I’m a huge fan of the Silent Hill series. Silent Hill 2 was the first videogame that genuinely scared me, and I’ve like all the other iterations of the series, so I was really looking forward to the current-gen Silent Hill.
While it’s hard to get much more than a general impression from a brief time with a pre-release version of any game, it’s particularly hard to get the feel for a survival horror title at a glitzy conference room suite--if you’re not playing in the middle of the night, alone in a dark house, it’s just not going to be that scary--but, I’ll do my best here. This is the first Silent Hill game from developers Double Helix and Silent Hill Homecoming seems like it’s casting a wider net and abandoning some of the quirks from previous games—it seems like a more general-interest title than, say, Silent Hill 4: The Room.
Plot Thumbnail: Homecoming centers on Alex, an ex military man who’s looking for his brother, a pale, ghostly little kid who holds the key to the mystery of Silent Hill. Obviously, the story and puzzles is hugely important to Silent Hill, and there isn’t much to say about it without a long stay in the haunted town, so you’ll have to wait until closer to release for that.
Look: Creepy atmospheres have always been integral to the Silent Hill series, and Homecoming is suitably, Silent-Hill-style-spooky: Shrouded in fog, grimy and abandoned, the town looks dangerous and dreary, just how you want it to look, but the graphics don’t have the power that some current-gen games feature. But here’s a huge improvement: A free camera. Go ahead and look at anything. You won’t be trapped in certain views like in previous Silent Hill games.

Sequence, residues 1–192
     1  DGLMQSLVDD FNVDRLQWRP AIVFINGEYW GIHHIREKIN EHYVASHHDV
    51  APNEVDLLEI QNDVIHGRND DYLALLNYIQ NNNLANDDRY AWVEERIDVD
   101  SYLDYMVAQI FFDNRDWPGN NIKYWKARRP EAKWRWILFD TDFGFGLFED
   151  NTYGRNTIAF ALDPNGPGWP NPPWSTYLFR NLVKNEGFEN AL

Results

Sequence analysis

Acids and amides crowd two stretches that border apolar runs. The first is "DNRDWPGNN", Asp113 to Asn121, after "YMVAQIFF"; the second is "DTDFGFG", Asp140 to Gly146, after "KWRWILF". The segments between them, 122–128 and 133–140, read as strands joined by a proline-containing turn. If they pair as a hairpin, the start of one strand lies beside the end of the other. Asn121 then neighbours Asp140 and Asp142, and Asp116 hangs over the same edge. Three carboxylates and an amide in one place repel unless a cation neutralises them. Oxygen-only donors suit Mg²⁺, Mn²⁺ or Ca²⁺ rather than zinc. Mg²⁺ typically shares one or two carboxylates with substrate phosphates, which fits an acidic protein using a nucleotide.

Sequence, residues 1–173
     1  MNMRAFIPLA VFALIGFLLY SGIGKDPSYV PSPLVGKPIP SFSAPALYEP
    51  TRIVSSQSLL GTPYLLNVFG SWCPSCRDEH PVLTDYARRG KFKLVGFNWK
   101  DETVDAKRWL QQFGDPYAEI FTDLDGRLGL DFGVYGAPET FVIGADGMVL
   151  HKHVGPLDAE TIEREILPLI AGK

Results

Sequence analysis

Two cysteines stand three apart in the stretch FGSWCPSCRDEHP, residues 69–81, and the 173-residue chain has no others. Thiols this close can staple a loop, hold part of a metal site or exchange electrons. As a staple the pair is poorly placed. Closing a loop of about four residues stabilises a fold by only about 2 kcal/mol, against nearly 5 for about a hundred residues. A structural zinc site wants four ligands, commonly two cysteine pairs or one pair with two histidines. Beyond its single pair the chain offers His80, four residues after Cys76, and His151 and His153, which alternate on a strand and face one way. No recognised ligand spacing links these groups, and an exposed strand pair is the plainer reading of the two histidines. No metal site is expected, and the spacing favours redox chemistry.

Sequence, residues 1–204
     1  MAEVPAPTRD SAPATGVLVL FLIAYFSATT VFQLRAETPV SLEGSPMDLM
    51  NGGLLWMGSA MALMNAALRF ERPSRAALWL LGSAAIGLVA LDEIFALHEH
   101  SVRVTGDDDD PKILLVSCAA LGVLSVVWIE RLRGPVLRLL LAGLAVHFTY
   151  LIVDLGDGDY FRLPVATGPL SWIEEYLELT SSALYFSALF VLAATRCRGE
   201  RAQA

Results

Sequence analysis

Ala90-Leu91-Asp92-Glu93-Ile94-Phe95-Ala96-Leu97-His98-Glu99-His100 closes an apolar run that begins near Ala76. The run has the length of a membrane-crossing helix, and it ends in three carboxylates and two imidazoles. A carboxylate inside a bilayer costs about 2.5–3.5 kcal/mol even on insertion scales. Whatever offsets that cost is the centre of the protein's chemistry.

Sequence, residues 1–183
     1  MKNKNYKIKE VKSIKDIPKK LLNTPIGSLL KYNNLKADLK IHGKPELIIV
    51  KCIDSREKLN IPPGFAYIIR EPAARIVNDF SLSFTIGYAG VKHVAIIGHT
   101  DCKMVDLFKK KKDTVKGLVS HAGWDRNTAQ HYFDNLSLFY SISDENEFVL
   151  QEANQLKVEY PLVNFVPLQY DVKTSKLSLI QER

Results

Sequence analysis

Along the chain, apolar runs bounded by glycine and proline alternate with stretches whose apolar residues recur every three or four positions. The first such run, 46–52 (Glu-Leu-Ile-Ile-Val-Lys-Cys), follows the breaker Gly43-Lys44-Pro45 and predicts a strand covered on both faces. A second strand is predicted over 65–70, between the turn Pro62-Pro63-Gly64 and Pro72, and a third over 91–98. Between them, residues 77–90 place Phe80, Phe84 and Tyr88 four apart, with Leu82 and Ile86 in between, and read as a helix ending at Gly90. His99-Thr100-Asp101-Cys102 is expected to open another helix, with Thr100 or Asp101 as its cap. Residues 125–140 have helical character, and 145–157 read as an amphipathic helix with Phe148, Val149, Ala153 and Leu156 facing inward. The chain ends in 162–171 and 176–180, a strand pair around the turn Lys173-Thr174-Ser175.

A feature back from previous games: Homecoming features a “grain-filter,” that makes everything look like it was shot on 16 millimeter film that was left in a closet to rot for a few years. Definitely a creepy touch.
The transition between reality and the haunted world of Silent Hill borrows a bit from the film, and we get that cool, chipping, peeling paint effect rendered in-game. Impressive.
Play: The big change in this version of Silent Hill is the combat. A lot of work has been done to keep the fighting fluid and intuitive, and to a point, it is. While most people will probably regard this as improvement, I’m not so sure. When I first played Silent Hill and tried to take out those demon dogs with a crowbar, I died again and again—I could never get the timing right. Every fight was an ordeal, and I started to fear the dogs, knowing that each encounter would be brutal and horrible, then it sunk in: That’s the point. You should be afraid to fight abominations. In past SH games the combat made you feel powerless and vulnerable, like your character. In Homecoming, the fight system create a different paradigm. Not worse, just different. Example: A ghoul lurking in an alley was quickly dispatched with a couple headshots. It’s justified in the plot: The game’s protagonists is ex-military, so he has combat skillz—but how it will play out over the long haul remains to be seen.
Overall: Homecoming doesn’t seem like a huge leap in any direction for Silent Hill, but more like a small evolution. It looks better than previous games, contains some improvements in handling, and seems (again from the brief time I played it) to have that “Silent Hill feel.” Whether the game’s plot, puzzles and play will stand up to many hours of creeping around remains to be seen.
Silent Hill: Homecoming comes out in the fall for the PS3 and the 360.
Check out Adam Sessler's Hands-on with the title by clicking the video below: